The Sydney Morning Herald / Sydney, Australia
Money for everyone?
“The idea of paying every citizen a universal basic income is in fashion in a range of developed countries...,” writes Peter Hartcher. “[N]o government has ever introduced a universal basic income. It’s impractical. So why is it in vogue? The idea has been revived by the rising panic over the future of work. If robotics and technology wipe out whole employment categories, how will people survive? The answer, however, isn’t a universal payment. The answer is for governments to foster innovation and entrepreneurship, so disappearing jobs are replaced by new ones. And this is exactly what has happened after every other similar jobs panic since the dawn of the industrial revolution.”
Standard Digital / Nairobi, Kenya
Politicians should watch their words
“A foreigner visiting Kenya for the first time would find our politics quite peculiar,” writes Henry Munene. “A visitor would no doubt be taken aback by our kind of politics. He or she would be at a loss as to why leaders rarely electrify us with moving speeches on what they would do if we elect them, but score more points when they cast invectives at the other side.... [W]hile propaganda is an integral part of political battle, leaders on both sides of the political divide must weigh their words carefully. They must realise that those on the lower rungs of the social ladder may be taking their word too seriously.”
The National / Abu Dhabi, United Arab Emirates
Will conflict between Palestinians and Israelis be resolved?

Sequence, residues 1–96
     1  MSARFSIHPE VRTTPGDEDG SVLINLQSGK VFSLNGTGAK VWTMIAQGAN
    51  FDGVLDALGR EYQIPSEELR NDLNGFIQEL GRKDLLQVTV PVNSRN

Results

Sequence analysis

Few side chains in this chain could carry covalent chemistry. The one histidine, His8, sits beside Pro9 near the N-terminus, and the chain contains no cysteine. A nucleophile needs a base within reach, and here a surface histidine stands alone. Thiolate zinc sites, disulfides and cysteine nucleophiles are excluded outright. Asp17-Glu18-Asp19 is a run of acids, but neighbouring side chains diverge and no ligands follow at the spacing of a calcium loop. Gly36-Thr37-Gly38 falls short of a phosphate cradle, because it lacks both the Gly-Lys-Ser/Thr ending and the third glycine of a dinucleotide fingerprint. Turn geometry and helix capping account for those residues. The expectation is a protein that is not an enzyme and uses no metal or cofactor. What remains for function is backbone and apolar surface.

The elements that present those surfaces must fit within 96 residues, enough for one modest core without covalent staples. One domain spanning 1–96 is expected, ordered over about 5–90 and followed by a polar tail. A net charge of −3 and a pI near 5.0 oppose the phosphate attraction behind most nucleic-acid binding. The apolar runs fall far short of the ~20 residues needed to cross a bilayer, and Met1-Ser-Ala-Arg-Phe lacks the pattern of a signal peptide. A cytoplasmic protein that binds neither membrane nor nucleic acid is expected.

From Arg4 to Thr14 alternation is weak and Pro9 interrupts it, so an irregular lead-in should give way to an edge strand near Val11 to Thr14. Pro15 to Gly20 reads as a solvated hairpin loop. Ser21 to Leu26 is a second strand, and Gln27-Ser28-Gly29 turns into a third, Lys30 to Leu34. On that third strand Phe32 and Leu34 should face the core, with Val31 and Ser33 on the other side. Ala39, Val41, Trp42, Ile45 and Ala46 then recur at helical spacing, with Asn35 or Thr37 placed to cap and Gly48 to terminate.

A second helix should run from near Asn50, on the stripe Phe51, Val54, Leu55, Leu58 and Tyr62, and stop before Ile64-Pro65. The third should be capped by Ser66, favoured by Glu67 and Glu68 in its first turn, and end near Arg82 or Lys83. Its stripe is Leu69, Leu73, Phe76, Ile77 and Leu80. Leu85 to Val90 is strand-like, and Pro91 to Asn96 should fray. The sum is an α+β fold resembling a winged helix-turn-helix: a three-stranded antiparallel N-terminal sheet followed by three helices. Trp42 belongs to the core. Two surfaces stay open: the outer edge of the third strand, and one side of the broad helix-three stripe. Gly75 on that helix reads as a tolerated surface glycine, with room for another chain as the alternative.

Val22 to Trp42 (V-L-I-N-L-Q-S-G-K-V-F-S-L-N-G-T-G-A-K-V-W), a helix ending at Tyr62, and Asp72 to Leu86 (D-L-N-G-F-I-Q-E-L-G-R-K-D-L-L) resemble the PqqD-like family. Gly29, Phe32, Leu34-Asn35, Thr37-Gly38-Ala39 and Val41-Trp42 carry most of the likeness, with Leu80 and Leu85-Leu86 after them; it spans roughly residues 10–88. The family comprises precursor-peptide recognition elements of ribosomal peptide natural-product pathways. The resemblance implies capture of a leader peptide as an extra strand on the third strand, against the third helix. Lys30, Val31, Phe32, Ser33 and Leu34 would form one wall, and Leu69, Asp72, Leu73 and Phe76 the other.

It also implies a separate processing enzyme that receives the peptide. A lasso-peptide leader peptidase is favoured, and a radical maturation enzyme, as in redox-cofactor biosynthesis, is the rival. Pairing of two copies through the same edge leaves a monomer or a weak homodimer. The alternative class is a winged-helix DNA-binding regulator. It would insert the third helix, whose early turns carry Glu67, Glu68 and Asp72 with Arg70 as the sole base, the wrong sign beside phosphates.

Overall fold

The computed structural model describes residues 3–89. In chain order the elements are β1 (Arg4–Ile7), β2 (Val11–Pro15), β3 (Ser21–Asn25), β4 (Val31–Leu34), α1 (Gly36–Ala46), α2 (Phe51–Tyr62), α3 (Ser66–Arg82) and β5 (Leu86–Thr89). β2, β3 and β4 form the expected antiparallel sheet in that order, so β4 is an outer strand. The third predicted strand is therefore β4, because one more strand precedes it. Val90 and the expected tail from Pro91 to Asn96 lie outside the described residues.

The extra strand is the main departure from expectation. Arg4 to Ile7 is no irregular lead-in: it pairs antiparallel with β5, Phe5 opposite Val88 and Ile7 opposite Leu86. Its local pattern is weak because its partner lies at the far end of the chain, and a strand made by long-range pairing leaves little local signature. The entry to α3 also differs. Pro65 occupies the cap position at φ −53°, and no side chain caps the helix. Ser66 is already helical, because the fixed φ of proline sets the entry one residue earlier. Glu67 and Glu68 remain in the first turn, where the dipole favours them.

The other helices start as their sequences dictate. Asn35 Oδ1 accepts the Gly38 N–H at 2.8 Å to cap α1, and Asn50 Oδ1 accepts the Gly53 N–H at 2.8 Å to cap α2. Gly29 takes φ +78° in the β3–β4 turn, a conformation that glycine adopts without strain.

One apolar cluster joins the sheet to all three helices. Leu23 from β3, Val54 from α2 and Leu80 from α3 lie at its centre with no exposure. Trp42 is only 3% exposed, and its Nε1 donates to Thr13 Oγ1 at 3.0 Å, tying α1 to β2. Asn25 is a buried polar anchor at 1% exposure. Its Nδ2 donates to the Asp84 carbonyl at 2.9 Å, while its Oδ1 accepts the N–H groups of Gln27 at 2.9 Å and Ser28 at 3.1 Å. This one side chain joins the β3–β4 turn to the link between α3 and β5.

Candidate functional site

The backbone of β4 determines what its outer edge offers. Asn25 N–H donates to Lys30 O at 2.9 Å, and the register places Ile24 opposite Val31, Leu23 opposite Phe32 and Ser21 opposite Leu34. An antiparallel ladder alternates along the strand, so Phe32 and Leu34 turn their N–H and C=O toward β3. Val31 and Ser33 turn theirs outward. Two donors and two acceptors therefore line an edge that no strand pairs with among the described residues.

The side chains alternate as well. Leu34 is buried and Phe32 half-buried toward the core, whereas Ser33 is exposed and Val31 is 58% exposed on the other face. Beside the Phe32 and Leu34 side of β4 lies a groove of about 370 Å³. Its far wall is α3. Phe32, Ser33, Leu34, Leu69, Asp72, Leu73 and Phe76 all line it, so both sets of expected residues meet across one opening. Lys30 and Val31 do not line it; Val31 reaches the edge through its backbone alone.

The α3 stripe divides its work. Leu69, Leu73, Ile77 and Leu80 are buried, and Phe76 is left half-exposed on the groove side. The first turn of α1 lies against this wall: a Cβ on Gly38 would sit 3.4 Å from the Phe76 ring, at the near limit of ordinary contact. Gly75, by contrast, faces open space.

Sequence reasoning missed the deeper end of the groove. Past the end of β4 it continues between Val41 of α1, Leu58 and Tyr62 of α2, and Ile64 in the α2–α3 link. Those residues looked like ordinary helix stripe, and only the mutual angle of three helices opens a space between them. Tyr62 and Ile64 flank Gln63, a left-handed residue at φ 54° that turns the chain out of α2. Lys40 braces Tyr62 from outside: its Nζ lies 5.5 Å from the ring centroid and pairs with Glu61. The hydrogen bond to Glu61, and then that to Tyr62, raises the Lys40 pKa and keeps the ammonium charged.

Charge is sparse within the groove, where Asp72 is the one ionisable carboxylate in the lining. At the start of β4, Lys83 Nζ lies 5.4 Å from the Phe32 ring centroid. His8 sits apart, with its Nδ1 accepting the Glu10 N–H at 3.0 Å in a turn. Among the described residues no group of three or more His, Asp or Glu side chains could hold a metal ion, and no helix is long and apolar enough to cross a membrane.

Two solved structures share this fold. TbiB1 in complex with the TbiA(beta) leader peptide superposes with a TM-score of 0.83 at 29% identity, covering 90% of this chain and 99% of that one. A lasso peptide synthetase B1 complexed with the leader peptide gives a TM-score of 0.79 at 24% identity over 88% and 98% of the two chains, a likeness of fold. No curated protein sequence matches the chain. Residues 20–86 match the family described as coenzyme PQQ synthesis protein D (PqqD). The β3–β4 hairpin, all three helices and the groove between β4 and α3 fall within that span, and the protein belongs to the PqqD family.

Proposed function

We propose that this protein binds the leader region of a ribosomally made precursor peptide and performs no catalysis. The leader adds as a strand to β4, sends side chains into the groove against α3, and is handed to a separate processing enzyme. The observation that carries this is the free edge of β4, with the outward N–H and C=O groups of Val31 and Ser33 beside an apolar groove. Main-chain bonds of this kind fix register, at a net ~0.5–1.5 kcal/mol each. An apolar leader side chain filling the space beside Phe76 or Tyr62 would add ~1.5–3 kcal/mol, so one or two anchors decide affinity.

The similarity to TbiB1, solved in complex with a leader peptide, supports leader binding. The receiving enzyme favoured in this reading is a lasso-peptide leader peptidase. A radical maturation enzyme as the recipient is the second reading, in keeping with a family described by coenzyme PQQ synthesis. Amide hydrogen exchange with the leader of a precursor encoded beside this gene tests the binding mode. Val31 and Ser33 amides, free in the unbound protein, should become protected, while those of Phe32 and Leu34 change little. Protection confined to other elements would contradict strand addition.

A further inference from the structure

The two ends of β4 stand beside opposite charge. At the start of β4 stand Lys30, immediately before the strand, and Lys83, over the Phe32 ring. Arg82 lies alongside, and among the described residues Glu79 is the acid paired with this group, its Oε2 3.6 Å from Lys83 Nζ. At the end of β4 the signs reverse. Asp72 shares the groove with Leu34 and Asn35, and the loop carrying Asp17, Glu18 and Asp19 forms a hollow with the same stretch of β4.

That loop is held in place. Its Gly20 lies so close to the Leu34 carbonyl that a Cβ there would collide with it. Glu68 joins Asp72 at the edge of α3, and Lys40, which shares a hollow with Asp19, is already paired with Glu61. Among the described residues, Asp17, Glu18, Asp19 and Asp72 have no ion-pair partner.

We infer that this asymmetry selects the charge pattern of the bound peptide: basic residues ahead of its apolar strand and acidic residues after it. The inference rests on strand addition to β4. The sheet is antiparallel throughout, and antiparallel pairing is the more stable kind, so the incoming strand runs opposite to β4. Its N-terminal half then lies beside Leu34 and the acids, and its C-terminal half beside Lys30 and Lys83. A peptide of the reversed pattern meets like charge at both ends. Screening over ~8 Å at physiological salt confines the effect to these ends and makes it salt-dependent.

“[A]ny diplomatic effort to end the status quo in Israel and Palestine will need teeth,” states an editorial. “The French initiative [a meeting involving more than 20 countries that took place in Paris in early June] is widely seen as the start of several diplomatic events that will increase international pressure on Tel Aviv. These efforts could culminate in a binding UN Security Council resolution on Israel’s settlement project. Such resolutions, which could escape an American veto during Barack Obama’s last months in office, would open the flood gates of diplomatic and civil society pressure on Israel. The French meeting was little more than standard hand-wringing, but concrete action is on the horizon.”
The Straits Times / Singapore
The direction of Singapore’s economy
“Singapore needs to develop an entrepreneurial culture driven by innovation which can be a powerful motive force for growth,” states an editorial. “The seeds of that culture must be planted in diverse ways, as officials have noted – the expectations of parents, the messages that a teacher sends out in a classroom, the tone that a boss sets in a small or medium-sized enterprise, and society’s general appetite for risk. Thankfully, the environment is now fertile for go-getters, like the young Singaporeans stepping up to front start-ups.”
Kathimerini / Athens
How Trump is seen abroad
“Could Donald Trump win the US election?” writes Alexis Papachelas. “It’s possible. The same anti-systemic wave that has swept through Europe is now rocking the boat of the US political system.... What kind of President would Trump be if elected? It’s hard to tell. Every White House occupant is accountable to a system of checks and balances that does not allow them to do as they please. The only areas in which they make their own decisions is defense and foreign policy, which, of course, could determine the fate of the entire planet. Many believe that similarly to Reagan, Trump would adopt a more realistic policy if elected. Should this happen, it would be a shock to the susceptibilities of the Old Continent.... The Greek-American community and whatever is left of the Greek-American lobby are backing Clinton. The late Archbishop Iakovos of America would have urged the establishment of communication channels with the Republican candidate.”